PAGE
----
Iseason Preview:/I IRNLS 2001Brthe Title Contenders

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When the green flag flies at Phoenix International Raceway this Sunday, it will signal much more than the start of a 200-mile race. It will usher in perhaps the most competitive Indy Racing Northern Light Series season yet.

This week, RacingOne previews the 13-race season that begins with the Pennzoil Copper World Indy 200 on Sunday. Today, RacingOne focuses on the front-runners for the 2001 Northern Light Cup.

Reigning IRNLS champion Buddy Lazier knows that defending his title is going to be tough. Just how tough is anybody’s guess, but Lazier has an idea.

"It’s going to be really difficult," said Lazier, who won twice on his way to the title last season. "With the even platform the Indy Racing League has, anybody can win on any given day, any one of these teams can win. So when all the equipment is equal, it makes it extremely difficult to string lots of championships together or win a lot of races in a row because you can’t get a technical advantage."

Greg Ray knows it’s going to be hard for Lazier to repeat, too. He’s been there. Ray, the 1999 champion, struggled in 2000, winning just once and posting just two other top-10 finishes. He finished 13th in the point standings.

"It’s kind of like we say sometimes -- that’s just racing -- and it seems like we navigated the Bermuda Triangle all year long," said Ray, a six-time pole-sitter in 2000. "We only steered clear in Atlanta."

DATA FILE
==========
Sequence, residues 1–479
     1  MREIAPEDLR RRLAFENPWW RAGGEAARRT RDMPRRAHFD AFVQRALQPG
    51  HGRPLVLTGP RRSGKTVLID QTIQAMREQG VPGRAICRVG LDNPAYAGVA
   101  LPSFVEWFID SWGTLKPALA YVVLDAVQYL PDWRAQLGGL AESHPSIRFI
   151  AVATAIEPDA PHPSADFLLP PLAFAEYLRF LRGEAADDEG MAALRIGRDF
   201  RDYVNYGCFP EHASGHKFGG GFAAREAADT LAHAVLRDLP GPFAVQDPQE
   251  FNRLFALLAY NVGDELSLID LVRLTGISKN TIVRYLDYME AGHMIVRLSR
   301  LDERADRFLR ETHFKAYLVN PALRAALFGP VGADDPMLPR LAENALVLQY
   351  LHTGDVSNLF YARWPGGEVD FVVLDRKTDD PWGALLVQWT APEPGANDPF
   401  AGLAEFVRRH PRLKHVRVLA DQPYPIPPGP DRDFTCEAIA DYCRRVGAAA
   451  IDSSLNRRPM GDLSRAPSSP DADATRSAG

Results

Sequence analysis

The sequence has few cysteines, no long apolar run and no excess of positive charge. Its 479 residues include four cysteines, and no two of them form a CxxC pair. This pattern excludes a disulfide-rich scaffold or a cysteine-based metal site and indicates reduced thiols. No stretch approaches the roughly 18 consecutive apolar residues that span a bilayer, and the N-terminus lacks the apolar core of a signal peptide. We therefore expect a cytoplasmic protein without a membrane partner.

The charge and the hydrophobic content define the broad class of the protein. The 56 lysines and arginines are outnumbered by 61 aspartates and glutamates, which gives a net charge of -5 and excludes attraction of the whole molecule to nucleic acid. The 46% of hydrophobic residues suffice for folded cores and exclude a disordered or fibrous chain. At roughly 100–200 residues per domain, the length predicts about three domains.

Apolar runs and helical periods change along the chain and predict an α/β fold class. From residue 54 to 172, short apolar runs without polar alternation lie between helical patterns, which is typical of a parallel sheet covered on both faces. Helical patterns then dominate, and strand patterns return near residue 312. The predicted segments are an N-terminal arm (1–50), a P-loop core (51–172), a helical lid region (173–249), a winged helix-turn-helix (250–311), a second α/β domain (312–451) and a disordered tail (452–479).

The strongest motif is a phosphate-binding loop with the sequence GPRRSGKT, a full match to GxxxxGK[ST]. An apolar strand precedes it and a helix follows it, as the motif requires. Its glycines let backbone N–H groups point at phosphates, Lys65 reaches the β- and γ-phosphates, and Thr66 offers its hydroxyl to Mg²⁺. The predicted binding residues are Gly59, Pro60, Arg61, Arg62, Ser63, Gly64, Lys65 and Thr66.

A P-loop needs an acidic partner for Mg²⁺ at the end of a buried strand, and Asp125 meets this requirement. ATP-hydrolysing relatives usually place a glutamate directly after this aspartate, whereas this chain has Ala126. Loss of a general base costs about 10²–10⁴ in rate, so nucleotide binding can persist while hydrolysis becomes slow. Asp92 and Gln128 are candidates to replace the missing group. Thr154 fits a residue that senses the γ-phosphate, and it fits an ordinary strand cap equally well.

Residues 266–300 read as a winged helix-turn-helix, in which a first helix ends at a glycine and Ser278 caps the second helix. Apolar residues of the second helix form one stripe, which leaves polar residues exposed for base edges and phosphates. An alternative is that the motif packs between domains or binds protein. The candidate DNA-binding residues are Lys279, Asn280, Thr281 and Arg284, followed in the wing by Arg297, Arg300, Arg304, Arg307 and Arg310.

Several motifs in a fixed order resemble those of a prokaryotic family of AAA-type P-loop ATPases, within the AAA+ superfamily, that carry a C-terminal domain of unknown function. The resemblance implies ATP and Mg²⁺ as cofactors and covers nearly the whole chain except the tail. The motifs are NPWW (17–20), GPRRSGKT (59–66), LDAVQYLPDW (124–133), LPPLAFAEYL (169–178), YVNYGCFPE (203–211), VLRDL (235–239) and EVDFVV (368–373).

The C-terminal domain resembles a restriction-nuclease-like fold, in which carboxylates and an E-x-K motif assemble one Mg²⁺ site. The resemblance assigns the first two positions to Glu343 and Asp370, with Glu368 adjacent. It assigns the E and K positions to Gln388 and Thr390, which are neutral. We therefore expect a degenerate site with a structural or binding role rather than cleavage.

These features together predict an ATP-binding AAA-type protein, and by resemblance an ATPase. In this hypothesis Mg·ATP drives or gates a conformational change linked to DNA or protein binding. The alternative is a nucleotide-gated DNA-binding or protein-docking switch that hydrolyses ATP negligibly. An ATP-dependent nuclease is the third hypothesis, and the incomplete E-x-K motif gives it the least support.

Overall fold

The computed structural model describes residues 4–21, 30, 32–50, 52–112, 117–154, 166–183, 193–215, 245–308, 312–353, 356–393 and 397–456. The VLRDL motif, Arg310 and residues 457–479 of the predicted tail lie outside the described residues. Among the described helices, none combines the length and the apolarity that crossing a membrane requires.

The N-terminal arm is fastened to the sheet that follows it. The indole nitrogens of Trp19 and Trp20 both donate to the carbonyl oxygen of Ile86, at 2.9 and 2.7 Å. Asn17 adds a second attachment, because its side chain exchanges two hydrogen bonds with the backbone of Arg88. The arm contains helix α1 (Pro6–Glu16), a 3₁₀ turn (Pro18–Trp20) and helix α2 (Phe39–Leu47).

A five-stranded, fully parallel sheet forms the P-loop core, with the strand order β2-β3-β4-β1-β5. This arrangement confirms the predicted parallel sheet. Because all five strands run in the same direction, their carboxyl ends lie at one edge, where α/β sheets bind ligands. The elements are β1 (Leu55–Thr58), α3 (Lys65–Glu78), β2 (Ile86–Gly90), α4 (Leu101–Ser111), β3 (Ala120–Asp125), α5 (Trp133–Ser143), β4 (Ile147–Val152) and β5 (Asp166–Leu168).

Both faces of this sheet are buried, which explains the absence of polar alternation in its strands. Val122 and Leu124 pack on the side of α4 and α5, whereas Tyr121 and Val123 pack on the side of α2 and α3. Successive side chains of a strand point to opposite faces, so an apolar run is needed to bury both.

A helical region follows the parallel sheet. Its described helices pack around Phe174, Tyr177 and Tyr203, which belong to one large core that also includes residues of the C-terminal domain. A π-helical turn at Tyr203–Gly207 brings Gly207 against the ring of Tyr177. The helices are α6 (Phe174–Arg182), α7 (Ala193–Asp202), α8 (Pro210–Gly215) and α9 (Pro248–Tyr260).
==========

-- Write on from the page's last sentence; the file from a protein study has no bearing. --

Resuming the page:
Ray and Lazier have been strong in the offseason, posting some of the fastest times in open testing at Homestead-Miami Speedway, site of the second race of the season, and Phoenix.

That’s also where other title contenders emerged, particularly Sam Hornish Jr. and Eliseo Salazar.

Hornish, replacing Scott Goodyear in Pennzoil Panther’s No. 4, firmly planted himself among the title hopefuls by ripping off some of the fastest laps in both open test sessions. At the Test in the West at Phoenix’s 1-mile oval on Feb. 9 and 10, Hornish turned in the second fastest lap of 176.554 mph. That was right behind Stephan Gregoire’s fast time and more than 1 mph faster than Lazier, who was third quick.

At Homestead, Hornish was simply untouchable. He was the only driver to top 200 mph on the 1.5-mile flat oval and was almost 2 mph faster than Salazar, who was second quick.

Couple that with Hornish joining last season’s second-place team in the points, and a potent combination is formed.

With a year of IRNLS competition under his belt, Hornish is feeling confident.

"Just all the recognition that’s behind the name of Pennzoil gives me some big shoes to fill, but I think I’m ready to do it," said 21-year-old Hornish.

Salazar, like Hornish, is stepping into some big shoes, as well. He takes over the legendary No. 14 at A.J. Foyt Racing. Coming off a fourth-place finish in the point standing last season, he seems up to the task.

"Anyone who knows the history of A.J. Foyt knows that the No. 14 is very special," said Salazar, a 45-year-old native of Chile. "I feel honored to be driving that car this year."

Foyt is happy to have the veteran back.